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Neuropeptides, itch, pruritus, prurigo, psoriasis, atopic dermatitis, substance P, histamine, sensory nerves



  • The nervous system of the skin has multiple functions:

    • Collecting and transmitting environmental information on touch, pain, pruritus and temperature to the brain.

    • Reacting to ligands that induce nerve activation by the antidromic release of neuropeptides and initiation of vascular and inflammatory reactions.

    • Communication with various skin cells, including those in the immune and endocrine systems.

    • Because of these, it also has a role in maintaining skin homeostasis and processes including thermoregulation, cell growth, inflammation, host defense mechanisms, apoptosis, and wound healing.

    • In pathological conditions, the nervous system is involved in the maintenance of pruritus, pain, and inflammatory skin diseases (eg, psoriasis vulgaris, atopic dermatitis).


The skin has a dense sensory network enabling human beings to sense different ranges and qualities of pain, pruritus, mechanical stimuli (eg, touch and vibration), and temperature. These senses have a role in the nonverbal communication among humans and also serve as protective mechanisms as they organize sensations taken from the environment that are sent to the brain. The brain not only plays a critical role in the perception of these sensations but also in their interpretation as pleasant, unpleasant, dangerous, or harmless. The skin contains a dense cutaneous sensory and autonomic network designed to sense these stimuli that also communicates with surrounding skin cells and has a bidirectional communication network within the central nervous system (CNS). This complex network is known to play a central role in the development of chronic pain and, as recently discovered, also in chronic pruritus. The latter constitutes a novel research area and is a major focus of this chapter.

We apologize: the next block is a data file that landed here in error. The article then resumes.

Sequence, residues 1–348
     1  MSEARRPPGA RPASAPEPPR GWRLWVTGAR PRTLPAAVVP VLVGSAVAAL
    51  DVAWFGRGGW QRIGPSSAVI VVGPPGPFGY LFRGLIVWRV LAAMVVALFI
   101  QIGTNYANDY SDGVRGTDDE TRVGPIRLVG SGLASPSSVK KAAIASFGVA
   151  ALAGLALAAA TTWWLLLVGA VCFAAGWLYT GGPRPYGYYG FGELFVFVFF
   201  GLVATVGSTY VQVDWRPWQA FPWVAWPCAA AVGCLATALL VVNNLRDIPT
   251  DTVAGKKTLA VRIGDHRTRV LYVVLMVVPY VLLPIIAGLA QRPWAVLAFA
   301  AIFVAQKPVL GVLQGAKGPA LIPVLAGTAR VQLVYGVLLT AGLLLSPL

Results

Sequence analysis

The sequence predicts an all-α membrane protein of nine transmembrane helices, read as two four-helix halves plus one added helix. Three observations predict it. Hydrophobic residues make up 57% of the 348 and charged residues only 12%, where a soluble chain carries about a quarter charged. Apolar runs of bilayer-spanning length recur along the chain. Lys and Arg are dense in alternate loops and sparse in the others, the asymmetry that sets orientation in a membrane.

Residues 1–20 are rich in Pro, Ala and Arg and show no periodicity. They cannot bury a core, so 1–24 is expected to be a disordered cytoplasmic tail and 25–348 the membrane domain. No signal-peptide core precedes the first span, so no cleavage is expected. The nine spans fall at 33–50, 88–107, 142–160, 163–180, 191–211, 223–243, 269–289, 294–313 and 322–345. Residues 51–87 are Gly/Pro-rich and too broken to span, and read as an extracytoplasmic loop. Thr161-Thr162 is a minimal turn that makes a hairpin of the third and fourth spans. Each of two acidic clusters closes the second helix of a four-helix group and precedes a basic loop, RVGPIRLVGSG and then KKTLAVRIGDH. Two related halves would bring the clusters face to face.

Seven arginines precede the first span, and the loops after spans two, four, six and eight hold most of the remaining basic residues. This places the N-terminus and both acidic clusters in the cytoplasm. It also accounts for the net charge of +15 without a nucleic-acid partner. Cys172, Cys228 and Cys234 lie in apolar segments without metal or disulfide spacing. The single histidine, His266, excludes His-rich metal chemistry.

Barring the stratum corneum, the entirety of the human skin is innervated. The nerves that innervate the skin, apart from the face, consist of cutaneous branches of musculocutaneous nerves that segmentally arise from the spinal nerves. Branches of trigeminal nerves in the facial tissue are responsible for its innervation. At the dermal subcutaneous junction, the primary nerve trunks enter the subcutaneous fat tissue and divide, forming a branching network. This nerve plexus supplies the vasculature, adnexal structures, and encapsulated sensory nerves (eg, Pacinian corpuscles). The nerve fibers subsequently rearrange into small nerve bundles, which, together with the blood and lymphatic vessels, form a network of interlaced nerves both beneath and within the epidermis (Fig. 21-1).1,2 Sensory and autonomic nerve fibers constitute cutaneous nerve fibers. Afferent impulses are conducted from the periphery of sensory nerves to cell bodies in the dorsal root ganglia (DRG) and to the trigeminal ganglion in the face. Because of their unipolar nature, one branch of a cutaneous sensory neuron’s single axon extends from their cell body towards the periphery, ...

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